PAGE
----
REVIEWED BY BARRY GARDNER:


DONALD WESTLAKE – Kahawa. Viking, hardcover, 1982. Tor, paperback, 1984. Mysterious Press, hardcover reprint, 1995; paperback, 1996.

   This was originally published in the early 80s, as I’m sure most of you knew but I didn’t. Evidently it sank without a trace then, and now Mysterious is re-publishing it with a new introduction by Westlake.

   Lew Brady, a good, old-fashioned soldier-of-fortune, is stranded in Alaska, reduced to teaching truckers how to fend off union strong-arms. He’s only partly assuaged by the fact that he’s with his lover, a bush pilot.

   Then comes a call from an old mercenary friend who wants him to come to Africa and help steal a train. That’s right, a train. It belongs to Idi Amin, the Uganda strongman, and it’s full of some very pricey coffee. Brandy and his lady pilot hie themselves to the Dark Continent, where they find good and bad guys of all races, and enough excitement to banish boredom forever.

   There are few if any who do caper novels better than Westlake. All the old pro’s skills are in evidence here, if not in quite as polished form as they are today. He created a fascinating cat of characters, with the real-life portrait of Idi Amin hovering chillingly over them all.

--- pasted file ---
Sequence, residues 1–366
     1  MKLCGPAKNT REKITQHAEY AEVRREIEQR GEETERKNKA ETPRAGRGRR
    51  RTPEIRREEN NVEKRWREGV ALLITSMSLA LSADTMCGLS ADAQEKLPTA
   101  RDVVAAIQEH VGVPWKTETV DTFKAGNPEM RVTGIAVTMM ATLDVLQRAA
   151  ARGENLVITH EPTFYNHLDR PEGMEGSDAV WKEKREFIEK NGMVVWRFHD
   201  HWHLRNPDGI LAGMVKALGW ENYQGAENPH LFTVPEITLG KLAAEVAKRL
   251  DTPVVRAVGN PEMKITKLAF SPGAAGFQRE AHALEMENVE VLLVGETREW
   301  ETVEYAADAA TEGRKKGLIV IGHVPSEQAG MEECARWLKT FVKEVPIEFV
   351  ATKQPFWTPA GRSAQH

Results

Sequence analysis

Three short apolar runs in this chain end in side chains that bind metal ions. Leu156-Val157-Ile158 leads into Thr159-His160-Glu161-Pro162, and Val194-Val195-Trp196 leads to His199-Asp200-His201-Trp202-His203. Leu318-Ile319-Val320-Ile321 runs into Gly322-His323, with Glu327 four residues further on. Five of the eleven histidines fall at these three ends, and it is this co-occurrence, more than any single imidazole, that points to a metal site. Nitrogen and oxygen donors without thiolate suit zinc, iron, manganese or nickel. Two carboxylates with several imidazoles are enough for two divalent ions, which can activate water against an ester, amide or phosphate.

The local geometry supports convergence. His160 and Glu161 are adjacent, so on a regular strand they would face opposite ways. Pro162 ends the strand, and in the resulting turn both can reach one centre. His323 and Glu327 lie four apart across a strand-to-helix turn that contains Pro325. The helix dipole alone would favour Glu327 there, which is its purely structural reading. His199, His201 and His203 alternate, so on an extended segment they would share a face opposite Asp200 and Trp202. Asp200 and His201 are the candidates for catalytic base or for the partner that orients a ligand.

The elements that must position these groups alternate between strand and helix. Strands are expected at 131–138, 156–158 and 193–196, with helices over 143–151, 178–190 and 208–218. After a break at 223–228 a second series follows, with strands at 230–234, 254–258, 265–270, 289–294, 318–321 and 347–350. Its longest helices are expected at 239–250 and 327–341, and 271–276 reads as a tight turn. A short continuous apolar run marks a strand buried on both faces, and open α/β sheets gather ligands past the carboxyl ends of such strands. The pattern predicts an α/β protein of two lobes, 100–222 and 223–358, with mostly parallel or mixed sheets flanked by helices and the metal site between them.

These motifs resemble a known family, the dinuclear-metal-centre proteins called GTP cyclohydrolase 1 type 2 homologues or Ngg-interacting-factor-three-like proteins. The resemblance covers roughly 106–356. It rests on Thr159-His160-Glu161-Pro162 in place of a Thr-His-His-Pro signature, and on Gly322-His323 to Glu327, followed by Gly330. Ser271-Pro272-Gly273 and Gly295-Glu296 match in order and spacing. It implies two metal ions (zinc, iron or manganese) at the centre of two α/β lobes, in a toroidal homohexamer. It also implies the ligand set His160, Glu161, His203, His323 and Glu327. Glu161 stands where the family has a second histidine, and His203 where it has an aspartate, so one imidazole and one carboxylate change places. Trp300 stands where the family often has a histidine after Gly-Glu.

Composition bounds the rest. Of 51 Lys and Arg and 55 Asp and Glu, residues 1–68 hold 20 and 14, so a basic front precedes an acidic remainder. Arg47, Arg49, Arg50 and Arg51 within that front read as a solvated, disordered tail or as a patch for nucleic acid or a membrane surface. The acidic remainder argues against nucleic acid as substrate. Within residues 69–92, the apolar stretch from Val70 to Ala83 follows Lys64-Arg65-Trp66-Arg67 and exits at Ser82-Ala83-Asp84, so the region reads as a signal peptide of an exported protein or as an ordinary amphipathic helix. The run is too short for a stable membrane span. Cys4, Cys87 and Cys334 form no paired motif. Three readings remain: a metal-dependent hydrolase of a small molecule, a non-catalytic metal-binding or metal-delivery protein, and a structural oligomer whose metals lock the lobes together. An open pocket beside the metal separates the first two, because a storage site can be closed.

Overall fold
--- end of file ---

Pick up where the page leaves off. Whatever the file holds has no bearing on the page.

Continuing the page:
Uganda was a bad, bad place to be in those days, and Westlake brings it to life for you. It’s a thick book, 496 pages, and therein lay my only cavil — it’s hard to maintain the level of intensity a caper novel requires for that length, and I thought that Westlake occasionally failed to do so.

   But it’s still a decent book, by one of the best. If no one made a movie of this, they missed a damned good bet.

— Reprinted from Ah Sweet Mysteries #18, February-March 1995.